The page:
Florida Power & Light (FPL), owned by largest rate-regulated electric utility in the United States, NextEra Energy, proposed a rate hike that was met with a little less opposition.  FPL’s projected rate increases will still keep FPL bills “well below the national average” through 2025.” said, FPL spokesman Christopher McGrath.  Their press release stated, the revenue increases are “necessary to support continued investments that benefit customers as the company builds a more resilient and sustainable energy future for Florida in the face of climate change and strong, frequent severe weather.”  Their immediate costs include moving transmission lines underground to improve reliability during extreme weather and reimbursement for the cost of building 900 megawatts of new solar generation capacity.  Oklahoma may follow suit by pushing for underground electrical distribution systems but customers are reminded that these upgrades cost money and to reach that goal, rate hikes will be necessary.  Last month, the state of Michigan approved Consumers Energy’s substantial rate hike.  “We understand there may be some sticker shock when customers see their bill going up," said Consumers spokeswoman Katie Carey. "In the end, our goal is to provide safe and affordable electricity to the 1.8 million households and businesses we serve.”  But they assured the public, the additional revenue will go toward vegetation management, updating infrastructure and eliminating coal-fueled power. The increase will also replace infrastructure and cover the rising costs of operations, maintenance, financing and environmental responses. In Southeast New Mexico, Xcel Energy is seeking a hefty 9.2% increase for new substations and transmission projects along with the massive Sagamore Wind Project.  According to a study from consumer research firm Ownerly, New Mexico had the third-highest electric bill increase during the pandemic, more than triple the national average.  Vermont had the highest rate increase at 20.8 percent, followed by Michigan at 14.4 percent.  Pennsylvania had a 1.8% increase but nearly a million of the state’s utility customers are past due on their bills because of COVID-19 and many are asking, ‘Who will pick up the bill?’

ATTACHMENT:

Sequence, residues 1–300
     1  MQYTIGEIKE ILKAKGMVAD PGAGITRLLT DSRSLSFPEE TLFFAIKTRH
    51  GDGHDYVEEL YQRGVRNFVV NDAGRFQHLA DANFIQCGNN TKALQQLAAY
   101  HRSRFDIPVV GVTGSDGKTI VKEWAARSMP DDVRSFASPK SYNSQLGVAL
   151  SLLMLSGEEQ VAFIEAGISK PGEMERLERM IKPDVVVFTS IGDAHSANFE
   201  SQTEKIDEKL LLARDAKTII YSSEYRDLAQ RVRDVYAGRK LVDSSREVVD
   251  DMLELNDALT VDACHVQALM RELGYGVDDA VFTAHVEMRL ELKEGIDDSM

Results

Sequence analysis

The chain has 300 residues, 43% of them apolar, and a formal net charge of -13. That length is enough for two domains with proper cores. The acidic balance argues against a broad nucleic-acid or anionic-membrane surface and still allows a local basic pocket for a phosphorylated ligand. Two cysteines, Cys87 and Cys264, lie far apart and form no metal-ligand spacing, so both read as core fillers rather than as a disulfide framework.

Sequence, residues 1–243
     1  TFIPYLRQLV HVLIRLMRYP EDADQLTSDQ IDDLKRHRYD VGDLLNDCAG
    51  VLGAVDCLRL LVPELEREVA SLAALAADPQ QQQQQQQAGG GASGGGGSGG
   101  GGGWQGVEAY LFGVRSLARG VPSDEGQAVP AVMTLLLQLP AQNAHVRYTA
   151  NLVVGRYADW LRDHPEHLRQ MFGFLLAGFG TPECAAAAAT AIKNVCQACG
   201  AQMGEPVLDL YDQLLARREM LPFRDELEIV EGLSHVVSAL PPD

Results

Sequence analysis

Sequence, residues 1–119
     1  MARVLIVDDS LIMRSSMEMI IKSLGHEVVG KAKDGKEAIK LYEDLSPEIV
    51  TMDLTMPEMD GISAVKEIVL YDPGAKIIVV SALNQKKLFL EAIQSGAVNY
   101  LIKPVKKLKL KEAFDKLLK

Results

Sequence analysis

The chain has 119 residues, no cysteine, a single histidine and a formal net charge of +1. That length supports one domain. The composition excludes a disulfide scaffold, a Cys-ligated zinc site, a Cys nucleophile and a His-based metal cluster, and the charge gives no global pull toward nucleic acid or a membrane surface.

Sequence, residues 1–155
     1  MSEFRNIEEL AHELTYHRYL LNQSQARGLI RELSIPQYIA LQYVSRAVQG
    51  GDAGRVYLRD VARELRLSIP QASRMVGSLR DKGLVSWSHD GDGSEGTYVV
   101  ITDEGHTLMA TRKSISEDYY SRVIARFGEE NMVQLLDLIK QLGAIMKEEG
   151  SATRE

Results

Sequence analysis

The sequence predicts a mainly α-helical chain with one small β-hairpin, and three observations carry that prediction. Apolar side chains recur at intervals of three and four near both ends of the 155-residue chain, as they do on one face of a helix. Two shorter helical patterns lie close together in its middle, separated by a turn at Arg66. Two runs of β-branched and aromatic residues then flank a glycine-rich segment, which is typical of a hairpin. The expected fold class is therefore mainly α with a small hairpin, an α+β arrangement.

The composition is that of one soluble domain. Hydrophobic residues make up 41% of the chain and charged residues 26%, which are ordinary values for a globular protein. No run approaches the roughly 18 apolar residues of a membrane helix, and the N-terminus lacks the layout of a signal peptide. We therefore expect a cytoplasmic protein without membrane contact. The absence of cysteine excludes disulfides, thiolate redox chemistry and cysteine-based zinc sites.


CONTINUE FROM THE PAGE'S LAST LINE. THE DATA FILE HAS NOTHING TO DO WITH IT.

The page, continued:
Rate increases allow utilities to cover the costs of repairs, updates and uncollectible bills.  Timing is everything but how long can utilities wait to recoup costs?  Georgia Power is taking a different approach.  The Smart Usage plan should change consumer behavior to reduce costs for everyone. It charges higher electricity rates for certain peak energy use that puts extra strain on the electricity grid — 2 p.m.-7 p.m., Monday through Friday, in the months of June through September — and much lower-than-normal rates for all other periods. Despite much debate, Georgia Power spokesman John Kraft is confident that those who do make changes “stand to recognize savings, by using large appliances at different times and shifting usage away from summer afternoons.”  Could a change in consumer behavior strike the balance required to maintain profitability in the utility sector?  Or can rate hikes help them break even?